Kežmarok

The Lutheran Church of Kežmarok, with the Tatra Mountains in the background

Kežmarok (German Käsmark, Hungarian Késmárk) is a historical town in the Spiš of Eastern Slovakia. Like towns in the area it formerly had a large Carpathian German population. The town's notable sites of interest include a castle, a spectacular wooden church in the UNESCO World Heritage List, and a pedestrianised historical town centre.

Understand

History

Settlement at Kežmarok dates back to the Upper Stone Age. In the 13th century the region contained a community of Saxons, a Slovak fishing village, a Hungarian border post and a Carpathian German settlement. Its Latin name was first mentioned in 1251 as Villa (Saxonum apud Ecclesiam) Sancte Elisabeth. In 1269 Kežmarok received its town charter. It also had the right to organize a cheese market (hence the German name Kesmark ("Käsemarkt" - "cheese market"). In 1433 the town was severely damaged by a Hussite raid. After 1440, the count of Spiš had a seat in Kežmarok. In the 15th century (and then once more in 1655), Kežmarok became a free royal town.

The town was a stronghold of the noble Thököly family. The Hungarian magnate and warrior Imre Thököly was born in the town in 1657. He died in exile in Turkey in 1705 but in the 20th century his body was returned to Kežmarok and he is buried in a noble mausoleum in the town's Lutheran church.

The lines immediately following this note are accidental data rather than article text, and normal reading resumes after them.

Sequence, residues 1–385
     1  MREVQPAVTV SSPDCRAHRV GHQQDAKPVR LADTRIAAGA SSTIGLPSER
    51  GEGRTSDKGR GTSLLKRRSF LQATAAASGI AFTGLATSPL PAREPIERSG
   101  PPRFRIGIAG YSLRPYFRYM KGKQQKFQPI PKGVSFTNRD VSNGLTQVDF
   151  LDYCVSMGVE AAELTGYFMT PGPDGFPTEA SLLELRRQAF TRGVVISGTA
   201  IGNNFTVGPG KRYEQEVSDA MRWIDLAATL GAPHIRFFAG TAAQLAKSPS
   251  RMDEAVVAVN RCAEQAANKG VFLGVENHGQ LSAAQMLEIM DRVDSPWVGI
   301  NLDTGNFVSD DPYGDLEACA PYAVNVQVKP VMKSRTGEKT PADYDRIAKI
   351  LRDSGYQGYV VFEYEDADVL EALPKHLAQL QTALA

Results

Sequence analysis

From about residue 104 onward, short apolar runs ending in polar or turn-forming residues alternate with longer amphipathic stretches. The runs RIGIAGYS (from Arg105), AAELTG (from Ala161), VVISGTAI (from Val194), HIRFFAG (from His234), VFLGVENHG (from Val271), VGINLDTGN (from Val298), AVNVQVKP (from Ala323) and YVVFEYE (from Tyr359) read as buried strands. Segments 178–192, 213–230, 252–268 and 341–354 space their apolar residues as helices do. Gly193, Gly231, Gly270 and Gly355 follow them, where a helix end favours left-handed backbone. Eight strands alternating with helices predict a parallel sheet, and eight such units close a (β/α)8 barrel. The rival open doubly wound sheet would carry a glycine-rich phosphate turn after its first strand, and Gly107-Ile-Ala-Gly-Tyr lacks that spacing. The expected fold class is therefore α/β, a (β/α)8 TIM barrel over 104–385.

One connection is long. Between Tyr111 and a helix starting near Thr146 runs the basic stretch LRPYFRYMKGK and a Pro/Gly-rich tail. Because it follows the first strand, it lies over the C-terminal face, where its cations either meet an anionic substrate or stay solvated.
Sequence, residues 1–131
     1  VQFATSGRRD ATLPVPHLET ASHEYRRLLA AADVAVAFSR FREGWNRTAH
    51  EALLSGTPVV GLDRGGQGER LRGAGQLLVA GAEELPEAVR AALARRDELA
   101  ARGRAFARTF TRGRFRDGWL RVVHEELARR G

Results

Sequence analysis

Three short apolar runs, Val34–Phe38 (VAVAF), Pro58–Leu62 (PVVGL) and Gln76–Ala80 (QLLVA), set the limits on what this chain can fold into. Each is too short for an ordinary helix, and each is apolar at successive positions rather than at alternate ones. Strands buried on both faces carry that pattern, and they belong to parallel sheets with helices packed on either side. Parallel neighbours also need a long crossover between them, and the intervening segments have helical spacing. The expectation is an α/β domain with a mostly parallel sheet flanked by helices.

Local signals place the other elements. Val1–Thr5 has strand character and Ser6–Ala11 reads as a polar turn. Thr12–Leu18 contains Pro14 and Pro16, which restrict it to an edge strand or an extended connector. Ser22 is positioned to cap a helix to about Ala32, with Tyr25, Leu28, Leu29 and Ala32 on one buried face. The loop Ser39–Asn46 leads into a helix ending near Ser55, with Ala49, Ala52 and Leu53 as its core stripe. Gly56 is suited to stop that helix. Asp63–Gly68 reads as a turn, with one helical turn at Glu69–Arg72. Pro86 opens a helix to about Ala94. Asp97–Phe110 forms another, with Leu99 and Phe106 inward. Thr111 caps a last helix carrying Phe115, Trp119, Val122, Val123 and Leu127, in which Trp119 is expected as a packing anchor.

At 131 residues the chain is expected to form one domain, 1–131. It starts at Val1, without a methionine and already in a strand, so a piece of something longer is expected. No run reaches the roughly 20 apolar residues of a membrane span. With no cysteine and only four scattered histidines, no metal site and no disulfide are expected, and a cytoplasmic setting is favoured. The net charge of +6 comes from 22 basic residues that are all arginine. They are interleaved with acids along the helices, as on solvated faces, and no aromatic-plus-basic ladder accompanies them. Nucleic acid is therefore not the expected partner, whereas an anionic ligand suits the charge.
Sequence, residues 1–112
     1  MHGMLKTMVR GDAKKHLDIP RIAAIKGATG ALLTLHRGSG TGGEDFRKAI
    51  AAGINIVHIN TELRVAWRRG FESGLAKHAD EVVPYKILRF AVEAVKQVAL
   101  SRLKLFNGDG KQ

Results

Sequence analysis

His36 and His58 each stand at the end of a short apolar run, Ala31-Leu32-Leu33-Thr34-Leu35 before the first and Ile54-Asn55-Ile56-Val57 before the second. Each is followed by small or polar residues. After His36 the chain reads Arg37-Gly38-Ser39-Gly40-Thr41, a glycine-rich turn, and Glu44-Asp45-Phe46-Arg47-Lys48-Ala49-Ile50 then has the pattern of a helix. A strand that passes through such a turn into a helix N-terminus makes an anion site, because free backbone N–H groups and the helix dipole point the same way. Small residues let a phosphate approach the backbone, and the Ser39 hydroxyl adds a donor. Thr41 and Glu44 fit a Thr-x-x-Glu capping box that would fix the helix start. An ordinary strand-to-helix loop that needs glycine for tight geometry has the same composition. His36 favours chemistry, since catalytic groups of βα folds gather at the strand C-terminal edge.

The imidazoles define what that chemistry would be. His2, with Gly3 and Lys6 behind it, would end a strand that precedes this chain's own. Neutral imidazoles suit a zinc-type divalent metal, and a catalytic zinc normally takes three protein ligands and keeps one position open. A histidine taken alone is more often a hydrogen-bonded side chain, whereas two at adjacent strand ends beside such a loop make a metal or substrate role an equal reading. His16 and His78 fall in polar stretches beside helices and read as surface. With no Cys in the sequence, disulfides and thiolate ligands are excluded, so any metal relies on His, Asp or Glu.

The town's other monuments include a castle, many Renaissance merchant houses, and a museum of ancient books. In pride of place is the Protestant church built in 1688 entirely of wood. The church also contains an organ of 1719 with wooden pipes. The church has been a UNESCO World Heritage Site since 2008.

Kežmarok had a large ethnic German minority until the end of World War II (see Carpathian Germans). It also had a large and active Jewish community. During World War II, under the auspices of the First Slovak Republic, nearly 3,000 of the town's Jews were deported to German death camps. The town's pre-war Jewish cemetery has now been restored.

Get in

By bus or train from Poprad. For those with motor transport, the town is 10 minutes from the E50 highway, (turn off between Spišský Štvrtok and Poprad).

Get around

The town's sites of interest can easily be visited on foot. Allow at least a half-day.

See

The only stone part of the church is its sacristy, originally built in 1593 as a pub outside the city walls. In the 17th century, the Roman Catholic Hungarian kingdom persecuted Protestantism. The number of churches was limited to one in each free royal town, Kežmarok being one of them. The construction material had to be the cheapest possible (wood at that time) and a church had to be completed in 365 days. Furthermore, the site of a new Protestant church had to be chosen by a royal commission. In Kežmarok, a royal commission deliberately chose an ancient pub as a place of worship, in order to humiliate the local Protestant community. The pub was subsequently incorporated into the building.

The oldest parts of thepresent building are an epitaph from 1688 and a Renaissance baptistery from 1690. They are the only remaining parts of the first church. The second wooden church, erected in the Baroque style in 1717, completely replaced the first building. It has the shape of an equal-armed Greek cross. The space can accommodate ovr 1500 worshippers. It is wonderfully painted throughout - even the apparnetly 'marble'columns are of wood.

Eat

Go next

Levoča, Poprad, Tatra Mountains, and other attractions of Spiš.

This article is issued from Wikivoyage - version of the Tuesday, April 15, 2014. The text is available under the Creative Commons Attribution/Share Alike but additional terms may apply for the media files.